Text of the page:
Call Search
     

New to Ham Radio?
My Profile

Community
Articles
Forums
News
Reviews
Friends Remembered
Strays
Survey Question

Operating
Contesting
DX Cluster Spots
Propagation

Resources
Calendar
Classifieds
Ham Exams
Ham Links
List Archives
News Articles
Product Reviews
QSL Managers

Site Info
eHam Help (FAQ)
Support the site
The eHam Team
Advertising Info
Vision Statement
About eHam.net

donate to eham
   Home   Help Search  
Pages: Prev 1 2 [3] 4 5 Next   Go Down
  Print  
Author Topic: Is Astron still king?  (Read 2294 times)
G3RZP
Member

Posts: 1221




Ignore
« Reply #30 on: July 18, 2019, 04:47:41 PM »

So what you guys are appearing to be saying is that MTTR is important, and the Astron (or I guess, any other good linear supply) is likely to have a much lower MTTR than any switcher. that goes along with my feeling - experience has shown that when a switcher fails, there has normally been a chain reaction taking out more than  a few semiconductors. OF course being an 'old fart', I'm much happier with analogue circuitry than switchers...
Logged
WA7ARK
Member

Posts: 609




Ignore
« Reply #31 on: July 18, 2019, 05:49:43 PM »

MTTR?
Logged

Mike, WA7ARK
K0UA
Member

Posts: 4330




Ignore
« Reply #32 on: July 18, 2019, 05:55:42 PM »

The first picture is with one of the lamps replaced with LED's.  (only one was burned out) this shows the difference between the old incandescent lamp and the LED

 And second pix is with both replaced.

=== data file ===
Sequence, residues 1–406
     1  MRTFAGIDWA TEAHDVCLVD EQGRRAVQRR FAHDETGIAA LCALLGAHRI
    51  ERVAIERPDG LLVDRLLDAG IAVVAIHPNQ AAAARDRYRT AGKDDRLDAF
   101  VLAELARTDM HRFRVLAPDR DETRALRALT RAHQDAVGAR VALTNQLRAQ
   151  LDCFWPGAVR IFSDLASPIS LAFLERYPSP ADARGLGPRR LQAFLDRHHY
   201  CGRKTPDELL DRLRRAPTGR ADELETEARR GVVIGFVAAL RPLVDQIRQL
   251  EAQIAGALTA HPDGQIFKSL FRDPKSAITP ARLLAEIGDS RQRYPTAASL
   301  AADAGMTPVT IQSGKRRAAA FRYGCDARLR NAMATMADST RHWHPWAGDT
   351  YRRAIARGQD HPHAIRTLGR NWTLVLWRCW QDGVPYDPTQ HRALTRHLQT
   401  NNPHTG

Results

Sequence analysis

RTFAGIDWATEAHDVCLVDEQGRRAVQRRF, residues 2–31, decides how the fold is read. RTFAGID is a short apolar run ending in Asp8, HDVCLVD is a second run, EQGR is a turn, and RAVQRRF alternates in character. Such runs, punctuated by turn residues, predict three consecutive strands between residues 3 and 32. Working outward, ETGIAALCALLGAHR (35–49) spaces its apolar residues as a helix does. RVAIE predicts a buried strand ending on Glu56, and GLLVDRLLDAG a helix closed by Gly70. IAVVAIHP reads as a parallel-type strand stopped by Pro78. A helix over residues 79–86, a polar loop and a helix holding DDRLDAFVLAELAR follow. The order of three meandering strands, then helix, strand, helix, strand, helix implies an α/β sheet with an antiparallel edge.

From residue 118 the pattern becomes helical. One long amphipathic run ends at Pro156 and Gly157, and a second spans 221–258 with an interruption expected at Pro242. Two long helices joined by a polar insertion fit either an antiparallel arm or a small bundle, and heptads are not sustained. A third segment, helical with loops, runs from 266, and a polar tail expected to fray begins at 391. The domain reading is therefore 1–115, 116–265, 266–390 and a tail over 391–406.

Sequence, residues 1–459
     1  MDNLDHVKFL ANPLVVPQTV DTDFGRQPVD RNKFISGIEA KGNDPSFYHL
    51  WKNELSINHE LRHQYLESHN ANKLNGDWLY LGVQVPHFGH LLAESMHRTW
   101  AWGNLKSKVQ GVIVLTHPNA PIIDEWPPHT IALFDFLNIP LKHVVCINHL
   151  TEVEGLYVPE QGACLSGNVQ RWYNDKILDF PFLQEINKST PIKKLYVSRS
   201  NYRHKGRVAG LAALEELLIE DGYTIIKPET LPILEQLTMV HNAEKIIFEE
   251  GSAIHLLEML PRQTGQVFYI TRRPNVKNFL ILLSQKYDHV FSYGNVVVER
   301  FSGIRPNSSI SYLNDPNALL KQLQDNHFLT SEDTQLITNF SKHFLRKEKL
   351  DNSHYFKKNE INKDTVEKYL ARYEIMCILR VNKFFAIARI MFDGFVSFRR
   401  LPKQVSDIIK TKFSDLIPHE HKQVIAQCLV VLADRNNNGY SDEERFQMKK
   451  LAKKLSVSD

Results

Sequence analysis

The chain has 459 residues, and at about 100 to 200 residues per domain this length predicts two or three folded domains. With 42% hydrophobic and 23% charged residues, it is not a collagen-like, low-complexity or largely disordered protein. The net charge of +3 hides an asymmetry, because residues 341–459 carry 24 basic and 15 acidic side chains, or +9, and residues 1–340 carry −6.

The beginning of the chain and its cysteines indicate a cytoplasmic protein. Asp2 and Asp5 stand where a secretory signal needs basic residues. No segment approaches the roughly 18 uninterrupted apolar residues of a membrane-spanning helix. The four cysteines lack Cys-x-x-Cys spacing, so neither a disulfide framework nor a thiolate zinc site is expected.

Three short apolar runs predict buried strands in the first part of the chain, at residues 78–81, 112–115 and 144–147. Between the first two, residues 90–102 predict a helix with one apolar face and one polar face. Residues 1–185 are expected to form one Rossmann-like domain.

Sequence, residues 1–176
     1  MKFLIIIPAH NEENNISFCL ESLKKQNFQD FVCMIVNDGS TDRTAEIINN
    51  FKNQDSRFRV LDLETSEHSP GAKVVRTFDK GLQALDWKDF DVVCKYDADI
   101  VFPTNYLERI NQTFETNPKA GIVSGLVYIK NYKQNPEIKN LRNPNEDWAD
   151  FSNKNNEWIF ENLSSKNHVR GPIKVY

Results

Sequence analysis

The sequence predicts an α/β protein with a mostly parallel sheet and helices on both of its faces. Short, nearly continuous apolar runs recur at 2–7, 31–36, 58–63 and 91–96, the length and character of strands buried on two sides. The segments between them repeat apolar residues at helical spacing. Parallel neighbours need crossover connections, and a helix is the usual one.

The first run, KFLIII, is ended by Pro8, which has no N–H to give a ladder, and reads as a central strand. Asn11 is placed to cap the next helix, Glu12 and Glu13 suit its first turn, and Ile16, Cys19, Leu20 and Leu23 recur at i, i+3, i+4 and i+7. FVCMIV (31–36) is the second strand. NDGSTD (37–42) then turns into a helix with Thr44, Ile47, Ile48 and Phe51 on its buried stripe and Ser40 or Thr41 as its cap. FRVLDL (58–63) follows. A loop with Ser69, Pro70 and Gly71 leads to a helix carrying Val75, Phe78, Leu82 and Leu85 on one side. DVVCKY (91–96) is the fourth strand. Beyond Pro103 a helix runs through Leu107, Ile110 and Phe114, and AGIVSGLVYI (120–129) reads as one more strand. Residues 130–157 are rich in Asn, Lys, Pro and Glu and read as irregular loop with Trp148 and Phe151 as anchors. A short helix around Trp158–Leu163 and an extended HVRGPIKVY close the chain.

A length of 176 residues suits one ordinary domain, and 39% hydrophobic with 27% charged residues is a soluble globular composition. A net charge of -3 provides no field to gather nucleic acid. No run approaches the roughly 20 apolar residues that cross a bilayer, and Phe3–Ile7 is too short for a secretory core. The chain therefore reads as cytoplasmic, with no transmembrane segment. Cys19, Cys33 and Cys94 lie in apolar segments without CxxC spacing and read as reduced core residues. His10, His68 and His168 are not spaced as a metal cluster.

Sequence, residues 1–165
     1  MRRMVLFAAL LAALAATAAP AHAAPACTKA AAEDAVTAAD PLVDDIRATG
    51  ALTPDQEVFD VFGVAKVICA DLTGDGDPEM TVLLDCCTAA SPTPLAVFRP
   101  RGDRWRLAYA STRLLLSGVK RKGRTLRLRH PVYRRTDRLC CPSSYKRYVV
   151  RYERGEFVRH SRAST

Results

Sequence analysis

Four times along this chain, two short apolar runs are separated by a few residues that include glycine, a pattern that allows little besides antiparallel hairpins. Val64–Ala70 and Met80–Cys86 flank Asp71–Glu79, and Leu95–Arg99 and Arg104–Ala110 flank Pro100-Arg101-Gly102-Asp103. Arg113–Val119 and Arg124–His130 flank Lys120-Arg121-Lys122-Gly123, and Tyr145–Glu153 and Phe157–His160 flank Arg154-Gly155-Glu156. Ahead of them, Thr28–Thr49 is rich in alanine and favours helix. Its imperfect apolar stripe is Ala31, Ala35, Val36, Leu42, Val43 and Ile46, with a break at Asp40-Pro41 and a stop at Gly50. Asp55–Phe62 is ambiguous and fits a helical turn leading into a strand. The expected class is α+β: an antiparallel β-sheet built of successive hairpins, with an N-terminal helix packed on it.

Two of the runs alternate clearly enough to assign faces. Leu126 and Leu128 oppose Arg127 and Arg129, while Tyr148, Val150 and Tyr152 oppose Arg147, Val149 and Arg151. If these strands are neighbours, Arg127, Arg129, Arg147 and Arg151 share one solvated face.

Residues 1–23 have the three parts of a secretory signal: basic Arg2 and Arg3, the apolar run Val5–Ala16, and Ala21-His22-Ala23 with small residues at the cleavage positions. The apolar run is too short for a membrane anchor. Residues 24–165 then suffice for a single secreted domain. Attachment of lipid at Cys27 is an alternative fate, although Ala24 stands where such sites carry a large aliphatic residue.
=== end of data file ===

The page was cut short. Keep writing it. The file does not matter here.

Logged

73  James K0UA
ARRL Missouri Technical Specialist
K0UA
Member

Posts: 4330




Ignore
« Reply #33 on: July 18, 2019, 05:57:17 PM »

MTTR?

Mean Time To Repair.  Or we might say Mean Time Between Failure.
Logged

73  James K0UA
ARRL Missouri Technical Specialist
W9IQ
Member

Posts: 3212




Ignore
« Reply #34 on: July 19, 2019, 03:35:39 AM »

MTTR is the initialism for mean time to repair. It is the average time it takes to repair something once it has failed or broken.

MTBF is the is the initialism for mean time between failures. This is the average "run" time before a device fails.

The general engineering goal is therefore to maximize MTBF and minimize MTTR as this will result in the greatest availability of the equipment. There are many variations to this goal, however. For example, if the acquisition cost of the equipment is low and the MTBF is high, then the MTTR may not matter - it is considered throw away since the total cost of repair may exceed the replacement cost.

- Glenn W9IQ

« Last Edit: July 19, 2019, 03:48:13 AM by W9IQ » Logged

- Glenn W9IQ

I never make a mistake. I thought I did once but I was wrong.
WB5UAA
Member

Posts: 96




Ignore
« Reply #35 on: July 19, 2019, 05:21:31 AM »

MTTR is the initialism for mean time to repair. It is the average time it takes to repair something once it has failed or broken.

MTBF is the is the initialism for mean time between failures. This is the average "run" time before a device fails.

The general engineering goal is therefore to maximize MTBF and minimize MTTR as this will result in the greatest availability of the equipment. There are many variations to this goal, however. For example, if the acquisition cost of the equipment is low and the MTBF is high, then the MTTR may not matter - it is considered throw away since the total cost of repair may exceed the replacement cost.